On the first Friday of every month, the Australian Writers Centre reveals a new set of story prompts. Writers have 55 hours to submit their best 500-word (or fewer) story.
THIS MONTH'S CRITERIA
“Five!” Olivia held up 4 fingers before realising her mistake and raised her thumb as well. “I’m five!”
She ran around in circles, chasing her flowing dressing gown like a dog chasing his tail. “Five! Five!! Five!!!”
She ran into my outstretched arms and we collapsed onto the lounge in a giggling, tickle-monster, fluffy slippers tangle.
“Happy birthday, my gorgeous, gorgeous grown-up girl! Turning 5 on the 5th of May. My little twinnie.”
“Happy birthday, Granny! How old are you today?”
I held up my hand with fingers stretched wide and slapped the air twice. “Fifty-five. I’m fifty-five today.”
Each year, on my daughter’s birthday, I would remember the day she came into my world. How could such a tiny, beautiful, perfect being be mine? Olivia’s birthday was different. Yes, a tiny, beautiful, perfect grand-daughter had arrived, but my own beautiful daughter had left on the same day. Surely ‘dying in childbirth’ was something that happened in the olden days, before modern medicine, or to hippies who opted for home births. Why was it still a thing in the 21st century?
We sat at the kitchen table, eating birthday Nutella pancakes for breakfast. Just the two of us. As it had always been. I’d never really forgiven Tom for running away. It was as if his grief was worse than mine. Selfish, that’s what it was. He ran away from his own daughter, a helpless little creature less than a week old. Weak. Pathetic. Good riddance. He didn’t deserve her anyway.
I sprayed more detangling spray on Olivia’s mop of thick hair. A daily ritual. I patiently waited while she struggled with her shoelaces before giving up, and then it was off to preschool with two boxes of iceblocks. The icy wind picked up. Iceblocks in May. Ridiculous. Cupcakes were banned in the ‘egg-aware’ preschool. Next thing you know they’ll be banning Christmas because they’re ‘religion-aware’. All the fun things were being replaced due to some kind of increased awareness. Sugar. Eggs. Even playground equipment was lower to the ground these days.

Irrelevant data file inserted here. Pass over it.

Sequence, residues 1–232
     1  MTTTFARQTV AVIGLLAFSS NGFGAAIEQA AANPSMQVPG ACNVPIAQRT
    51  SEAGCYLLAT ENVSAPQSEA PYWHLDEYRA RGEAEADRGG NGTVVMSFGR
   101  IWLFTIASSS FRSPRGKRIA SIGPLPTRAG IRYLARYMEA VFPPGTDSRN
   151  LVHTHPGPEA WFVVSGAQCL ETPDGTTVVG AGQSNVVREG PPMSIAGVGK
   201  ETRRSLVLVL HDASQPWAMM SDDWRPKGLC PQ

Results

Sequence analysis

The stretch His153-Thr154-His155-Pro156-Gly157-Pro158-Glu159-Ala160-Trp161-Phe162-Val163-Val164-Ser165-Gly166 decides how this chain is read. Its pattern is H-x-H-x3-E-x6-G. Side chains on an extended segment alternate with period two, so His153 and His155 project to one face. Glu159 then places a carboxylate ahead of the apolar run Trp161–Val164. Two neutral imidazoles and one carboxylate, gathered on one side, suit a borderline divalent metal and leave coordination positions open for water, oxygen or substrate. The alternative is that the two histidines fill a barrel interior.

A peck on the cheek and she was off, shouting ‘Five! I’m five!!” at the top of her voice. I exchanged pleasantries with the assortment of young mums: Alannah, helplessly negotiating with the toddler who wanted to stay; Nicole in expensive gym gear showcasing a flawless figure and impossible vitality; Kate who tottered off in her suit, running late for her day at the office. Justine should be here, not me.
Sal was waiting for me at the coffee shop, holding a beautiful bouquet of flowers. “Happy birthday, you old fossil.” She stood up, and hugged me. Tears pricked my eyes. “I know, I know,” she whispered. “It’s a strange old day.”
Five years ago, Olivia arrived and Justine left. I railed against those who called Olivia the silver lining. They were simplistic and stupid. Silver, even gold, could never describe her. Olivia was luminous. Justine was gone, but what a gift she left behind.
Grateful to the Australian Writers Centre for sparking creativity each month with the Furious Fiction competition.